The offshore and deep-sea subsector, which uses multiday operating craft (MDOC) and day boats with inboard engines or one-day operating craft (ODOC), has recovered least from the tsunami. The coastal fisheries sub-sector appears to have recovered substantially. In the Hambantota district as a whole, 87 per cent of the fleet of traditional craft and 55 per cent of the small mechanized craft (fibre reinforced plastic or FRP boats) have been replaced. However, regional disparities and overcapacities have been noticed in the distribution of craft.
The State distributed fuel and nets free of cost to help fishers re-commence fishing early. The government also distributed vouchers for the purchase of nets (LKR40,000 or $400 for FRP boatowners, and LKR20,000 or $200 for owners of traditional craft), and fuel (LKR30,000 or $300 for multiday craft, LKR7,000 or $70 for ODOCs, LKR5,000 or $50 for 17-23 ft. FRP boats and mechanized traditional craft). A total of 225 packed net kitscomplete with ropes, floats and twinewere given to selected beneficiaries by the Food and Agriculture Organization of the United Nations (FAO) and the MFAR in May 2005.
Thanks to the repairs to damaged craft and engines, and the issue of new craft and gear, the fishermen were able to commence their fishing activities, but at a very slow pace. For example, in May 2005, the Hambantota District was producing only about 14 per cent of the fish it produced in May 2004.
Getting temporary houses is no longer a problem for the tsunami victims, but the provision of permanent houses has become a serious burden on the government, mainly due to lack of land for alternative houses, in more urbanized areas. At present, a large number of NGOs have pledged help in this sphere. The number of houses planned to be constructed appears to match the needs. However, apart from Hambantota, where a number of housing projects have commenced, the provision of permanent houses elsewhere is occurring at a very slow pace. There are also significant regional disparities, and housing projects in the eastern regions still remain in their infant stage.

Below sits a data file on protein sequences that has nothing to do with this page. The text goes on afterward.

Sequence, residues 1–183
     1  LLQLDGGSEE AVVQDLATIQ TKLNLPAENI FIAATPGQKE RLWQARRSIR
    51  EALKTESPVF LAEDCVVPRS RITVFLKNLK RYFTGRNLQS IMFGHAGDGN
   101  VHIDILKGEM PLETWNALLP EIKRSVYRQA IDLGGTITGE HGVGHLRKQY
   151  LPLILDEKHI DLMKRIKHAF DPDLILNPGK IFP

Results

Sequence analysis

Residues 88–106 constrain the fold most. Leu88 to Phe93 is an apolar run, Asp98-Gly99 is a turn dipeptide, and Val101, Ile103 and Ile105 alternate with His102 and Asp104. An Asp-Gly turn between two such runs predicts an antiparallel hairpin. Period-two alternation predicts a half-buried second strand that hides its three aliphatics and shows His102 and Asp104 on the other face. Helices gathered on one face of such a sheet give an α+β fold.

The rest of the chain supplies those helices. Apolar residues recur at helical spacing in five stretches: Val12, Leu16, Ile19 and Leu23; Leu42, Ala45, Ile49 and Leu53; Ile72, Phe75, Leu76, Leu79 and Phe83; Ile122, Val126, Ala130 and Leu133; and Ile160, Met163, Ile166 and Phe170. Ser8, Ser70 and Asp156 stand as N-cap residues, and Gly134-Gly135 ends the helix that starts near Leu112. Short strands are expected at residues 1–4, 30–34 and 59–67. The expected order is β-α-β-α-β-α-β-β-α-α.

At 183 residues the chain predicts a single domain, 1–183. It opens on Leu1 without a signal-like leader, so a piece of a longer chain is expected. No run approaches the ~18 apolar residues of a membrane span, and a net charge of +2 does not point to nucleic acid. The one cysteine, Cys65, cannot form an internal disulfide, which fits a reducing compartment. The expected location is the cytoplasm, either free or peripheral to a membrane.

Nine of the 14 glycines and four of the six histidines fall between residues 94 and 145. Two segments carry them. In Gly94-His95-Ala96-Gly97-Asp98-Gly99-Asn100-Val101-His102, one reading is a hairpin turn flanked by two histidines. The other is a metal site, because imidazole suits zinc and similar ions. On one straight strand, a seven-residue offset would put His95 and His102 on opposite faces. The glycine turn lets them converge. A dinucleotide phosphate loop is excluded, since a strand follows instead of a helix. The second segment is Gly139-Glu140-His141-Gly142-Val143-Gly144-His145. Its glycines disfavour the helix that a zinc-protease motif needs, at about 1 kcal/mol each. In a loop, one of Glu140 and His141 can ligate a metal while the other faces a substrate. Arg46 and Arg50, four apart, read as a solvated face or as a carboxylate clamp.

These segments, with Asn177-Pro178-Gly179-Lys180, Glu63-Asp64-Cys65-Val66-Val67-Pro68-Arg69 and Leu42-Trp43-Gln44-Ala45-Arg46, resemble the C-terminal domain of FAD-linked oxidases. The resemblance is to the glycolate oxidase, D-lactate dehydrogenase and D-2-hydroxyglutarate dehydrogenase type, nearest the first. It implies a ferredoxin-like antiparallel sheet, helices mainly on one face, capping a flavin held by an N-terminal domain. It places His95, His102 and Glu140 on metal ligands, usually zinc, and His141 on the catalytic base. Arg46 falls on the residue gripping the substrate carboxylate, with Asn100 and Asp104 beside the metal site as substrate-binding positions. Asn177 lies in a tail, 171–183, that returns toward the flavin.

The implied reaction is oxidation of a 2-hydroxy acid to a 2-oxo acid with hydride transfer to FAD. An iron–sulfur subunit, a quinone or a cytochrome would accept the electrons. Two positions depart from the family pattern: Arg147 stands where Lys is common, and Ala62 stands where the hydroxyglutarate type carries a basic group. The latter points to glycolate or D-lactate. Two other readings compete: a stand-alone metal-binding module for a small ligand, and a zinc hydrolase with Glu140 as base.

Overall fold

In respect of fisheries infrastructure, the government has signed a memorandum of understanding (MoU) with China and a few other countries, including Japan, for the reconstruction and rebuilding of harbours, but so far no work has been commenced. In the south, the situation with regard to ice plants is the same. No repairs to any of the damaged ice plants have been carried out.
Too many craft have been issued to the affected fishermen. While the government requested the NGOs to work with the MFAR in identifying the type of help and the beneficiaries, this was hardly done. If the potential problem of the future overexploitation of fisheries resources is to be solved, the NGOs should co-ordinate their activities with the MFAR. Large boats with inboard engines should be provided to those who have lost such craft. Beach-seine fisheries can be considered one of the subsectors in Sri Lanka most seriously affected by the tsunami. The repair of beach-seines has become a problem, for lack of raw material.
Many of the beach-seine padu (net-laying areas) cannot be used due to the presence of debris. Serious attention of the authorities should be paid to this issue. Granted the fact that coastal fisheries are already overexploited, some of these fishers could be given ODOCs or MDOCs to move into deeper waters. Immediately after the tsunami struck, the Sri Lanka government declared a no-build zone of 100 m from the high tide line in the coastal strip of the southern and western provinces (which was expanded to 200 m for the northern and eastern provinces). This will have more serious implications for beach-seine fishing, which needs co-operative labour effort and proper organization of activities within a short duration.
It is, therefore, important to settle the tsunami-affected seine fishers close to the shore. Only by providing these fisher families with elevated houses close to the net-laying areas in the coastal zone or by providing them with the required fishing assets to engage in alternative fishing activities (fishing with day craft, for instance) can they be rehabilitated.